The View from the East End (10)
By Inspector HopkinsApril 10, 2005
"The Many Facets of Sherlockiana"
Part 7: Sherlockian Collections
Another part of what Sherlockiana is all about, is collecting things that relate to it!
I cannot add very much at all to what our "Manic Collector", Don Hobbs, has done in this field, and I certainly defer to his much greater knowledge and skill in this regard. But please let me share my thoughts on this topic.
Probably the easiest thing for the newer Sherlockian to collect is books. There is definitely no shortage of them out there, some hundreds upon hundreds of them, and they are reasonably easy to obtain from Amazon.com and used book-shops, etc. Even *I* have a few books, but books are not too exciting . . .
And there is certainly collectible artwork. Many pictures and renditions of Baker Street and the famous rooms, as well as many portraits of Canonical characters abound. I can attest to a great source of this from my friend Chuck Kovacic out there in Los Angeles, but then again, you need some wall space to display them properly . . .
You can also collect copies of the "Baker Street Journal" or Brads "Holmes and Watson Reports", or Peter Blaus newsletters. These publications contain great Sherlockian scholarship and are useful and interesting to the Sherlockian student, but its tough to quickly locate a particular article sometimes, and they can be a problem to store and display . . .
I have made a sub-hobby out of collecting the Jeremy Brett movies, and am pleased to report that I finally found and purchased all of them! But again, DVDs or video tapes are not really too exciting. . .
And I absolutely cannot top Paul Churchills "Evidence Boxes" which I told you about before. Besides, he filled his whole house up with Sherlockian stuff, remember?
I wish that I had the space to have a Sherlockian "den". . . (*sigh*)
This would be a goodly sized room, filled with shelves and wall space, where I could save things related to Sherlock Holmes. I would paint it a nice mauve-burgundy colour as a background, followed by lighter-coloured accent areas. There would be spaces and niches and room for books and periodicals, a bust of Napoleon, maps of London, and all kinds of other neat stuff like dark lanterns, hunting crops and Webley revolvers. I would have a set of Sidney Pagets illustrations all along one wall, arranged in an interesting pattern. . .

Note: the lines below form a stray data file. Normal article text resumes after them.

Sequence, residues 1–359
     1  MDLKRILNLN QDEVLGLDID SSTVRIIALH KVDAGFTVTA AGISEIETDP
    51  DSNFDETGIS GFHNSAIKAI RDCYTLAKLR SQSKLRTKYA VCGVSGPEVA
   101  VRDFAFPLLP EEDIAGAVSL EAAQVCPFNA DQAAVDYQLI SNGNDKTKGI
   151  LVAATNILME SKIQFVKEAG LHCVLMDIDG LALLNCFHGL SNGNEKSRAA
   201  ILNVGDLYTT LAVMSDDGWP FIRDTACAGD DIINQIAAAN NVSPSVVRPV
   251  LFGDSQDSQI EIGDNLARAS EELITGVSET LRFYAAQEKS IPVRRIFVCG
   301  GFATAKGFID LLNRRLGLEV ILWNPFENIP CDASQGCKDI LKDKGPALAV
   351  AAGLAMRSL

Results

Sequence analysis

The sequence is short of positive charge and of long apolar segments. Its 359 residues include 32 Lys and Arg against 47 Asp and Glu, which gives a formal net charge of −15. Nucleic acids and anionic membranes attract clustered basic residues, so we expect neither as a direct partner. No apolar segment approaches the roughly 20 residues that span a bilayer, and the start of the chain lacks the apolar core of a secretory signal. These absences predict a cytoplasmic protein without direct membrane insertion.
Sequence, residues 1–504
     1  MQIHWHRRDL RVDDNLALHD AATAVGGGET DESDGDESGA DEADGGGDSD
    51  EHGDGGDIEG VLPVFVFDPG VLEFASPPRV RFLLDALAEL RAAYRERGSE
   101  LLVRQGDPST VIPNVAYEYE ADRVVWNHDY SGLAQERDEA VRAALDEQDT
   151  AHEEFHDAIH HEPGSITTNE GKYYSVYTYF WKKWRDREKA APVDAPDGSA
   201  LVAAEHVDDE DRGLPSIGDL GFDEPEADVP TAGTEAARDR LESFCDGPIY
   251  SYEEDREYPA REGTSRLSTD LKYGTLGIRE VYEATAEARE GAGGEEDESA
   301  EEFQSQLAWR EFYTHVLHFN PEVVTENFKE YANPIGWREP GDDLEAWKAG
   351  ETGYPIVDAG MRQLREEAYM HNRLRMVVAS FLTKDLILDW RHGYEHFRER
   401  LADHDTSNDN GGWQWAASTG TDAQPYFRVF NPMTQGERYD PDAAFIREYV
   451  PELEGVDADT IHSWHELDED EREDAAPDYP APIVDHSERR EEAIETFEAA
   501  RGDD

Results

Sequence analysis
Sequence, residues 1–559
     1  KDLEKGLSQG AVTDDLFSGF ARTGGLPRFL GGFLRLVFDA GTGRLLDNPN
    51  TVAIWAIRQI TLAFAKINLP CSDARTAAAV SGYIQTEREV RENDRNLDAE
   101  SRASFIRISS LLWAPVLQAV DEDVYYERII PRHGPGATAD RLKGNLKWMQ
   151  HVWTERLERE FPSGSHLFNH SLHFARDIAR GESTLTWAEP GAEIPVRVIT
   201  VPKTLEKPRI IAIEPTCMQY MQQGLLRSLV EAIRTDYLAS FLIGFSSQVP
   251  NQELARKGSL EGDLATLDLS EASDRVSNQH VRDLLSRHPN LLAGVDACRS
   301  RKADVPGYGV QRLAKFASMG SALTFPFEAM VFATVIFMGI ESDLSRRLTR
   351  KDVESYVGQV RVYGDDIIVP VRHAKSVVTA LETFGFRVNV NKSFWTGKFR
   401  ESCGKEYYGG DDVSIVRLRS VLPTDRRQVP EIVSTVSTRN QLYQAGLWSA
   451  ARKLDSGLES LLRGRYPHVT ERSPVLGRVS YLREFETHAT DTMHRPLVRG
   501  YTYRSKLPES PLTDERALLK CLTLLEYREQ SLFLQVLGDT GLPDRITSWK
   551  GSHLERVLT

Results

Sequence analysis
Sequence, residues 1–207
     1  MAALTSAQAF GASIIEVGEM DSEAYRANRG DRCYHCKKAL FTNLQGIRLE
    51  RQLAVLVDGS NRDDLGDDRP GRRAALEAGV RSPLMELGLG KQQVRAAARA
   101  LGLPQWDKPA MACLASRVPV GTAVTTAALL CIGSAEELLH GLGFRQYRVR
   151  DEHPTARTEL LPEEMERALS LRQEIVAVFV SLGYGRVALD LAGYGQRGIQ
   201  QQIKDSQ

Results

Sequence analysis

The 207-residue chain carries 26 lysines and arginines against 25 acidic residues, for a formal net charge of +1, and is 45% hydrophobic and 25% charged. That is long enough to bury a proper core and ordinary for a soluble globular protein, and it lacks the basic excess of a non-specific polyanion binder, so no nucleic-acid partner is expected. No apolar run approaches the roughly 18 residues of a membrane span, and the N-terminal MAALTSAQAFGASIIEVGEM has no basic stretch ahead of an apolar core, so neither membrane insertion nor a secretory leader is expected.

I mean, really . . . if I had that kind of room, then Id probably go hog wild and do my very own recreation of the Sitting Room at 221B! Ha! With gusto! Id have a nice crackling "fire" going on the grate (light bulbs, etc) and keep my bills stuck to the mantel with a jackknife. Id have a nice mahogany desk (and ergonomically correct chair) with a burgundy-coloured leather writing surface, and nice gold-nibbed fountain pens, so I could correspond with my Sherlockian friends. (Actually, I guess, I would have my "cool" laptop on it, with which Im writing these very words to you now). Of course, thered have to be a Tantalus with something cheery in it for me to drink on these dreary Jersey nights. . . .
I would have a bell rope, with which I could summon Missus Hopkins downstairs in case I should ever need any additional assistance . . .
I can even picture my putter leaning against my nice mahogany desk, waiting for me to practice putting for my eventual excursion to my local golf course (whenever it finally stops raining).
Nice dreams, eh?
But . . . being the collector at heart that I am at least, and having to deal with reality, I have taken to "collecting", so to speak, the weekly posts that the moderator of the Hounds of the Internet makes, and the topics posed by our Chat Room moderators. I save recent e-mails from my Sherlockian friends, and news from Scion societies. I have a whole list of favourite web sites stored under AOL. I save (collect) all these on my hard drive in the hope that someday, I will/can organize/sort them into something cool and useful. At least this way, I can carry around my very own 221B room with me wherever I go. Sort of like my very own version of Watsons tin dispatch box in a 13" x 11" x 2" format.
Oh well . . . perhaps the best Sherlockian collection is a "virtual" one, after all.
Until next time, and also wishing you happy Sherlockian collecting, I am,